They get tired in the 2nd half defensively BECAUSE all of the shots they take have to be made off of screens. Running away from the ball kills your legs, and they have to do that on almost every single possession because no one can create a reliable shot on their own. Not to mention it takes the big out of the offense most of the time. Just a failed offensive philosophy brought on by the fact that we have no really talented players or big men. It’s all on Lebo; all of it. He’s responsible for having the players here and he’s responsible for how he coaches the game.
The three point shot or the long two cannot be the main source of offense for a successful team; percentage wise it just does not work out.
I realized the other night we probably have the 4th best basketball team…in the state. UAB has to be considered #1, followed by Alabama. Considering we lost to Troy, we have to at least be behind them. I don’t know how South Alabama is doing this season, so hell, we may even be #5. Yuck.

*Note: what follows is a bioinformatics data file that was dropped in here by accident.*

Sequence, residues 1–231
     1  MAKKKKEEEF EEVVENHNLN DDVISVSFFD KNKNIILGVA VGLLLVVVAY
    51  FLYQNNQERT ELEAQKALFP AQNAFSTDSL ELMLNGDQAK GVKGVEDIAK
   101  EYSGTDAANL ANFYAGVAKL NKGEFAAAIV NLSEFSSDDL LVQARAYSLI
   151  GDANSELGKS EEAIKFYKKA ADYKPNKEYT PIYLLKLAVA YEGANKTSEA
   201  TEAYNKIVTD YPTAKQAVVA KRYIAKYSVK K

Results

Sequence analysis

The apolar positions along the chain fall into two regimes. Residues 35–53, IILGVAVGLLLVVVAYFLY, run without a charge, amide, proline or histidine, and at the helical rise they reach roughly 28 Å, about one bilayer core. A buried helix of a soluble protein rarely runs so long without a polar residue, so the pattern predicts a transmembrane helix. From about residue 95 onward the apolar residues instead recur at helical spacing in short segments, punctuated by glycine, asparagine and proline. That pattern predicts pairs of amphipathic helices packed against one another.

hustlek, I couldn’t have said it better myself!
“The three point shot or the long two cannot be the main source of offense for a successful team; percentage wise it just does not work out.”
I think you can build around the three and have a certain level of success–Duke’s mostly fired away from outside using the PHX Suns-style “quick” plays the last few seasons–but a) you need multiple shooters to do that, shooters Auburn doesn’t have b) you’re right that long twos are the worst shot you can take.
I’ll agree 100 percent that the biggest issue is that Auburn doesn’t have players who can consistently score at the basket. Reed’s not really much of a finisher and if Knox has developed a semi-reliable post game, it’s up and down AND he’s the only guy on the team you’d remotely say that about. Recruiting FAIL.
Oh, JD, South finished 8-10 in the Sun Belt, so I do think Auburn’s at least No. 4, maybe No. 3 if they can make some noise at the SEC Tourney.
Auburn Elvis says
hustlek’s arguments are dragging me (kicking and screaming) towards calling for Lebo’s ouster. Man, I wish that guy had succeeded here.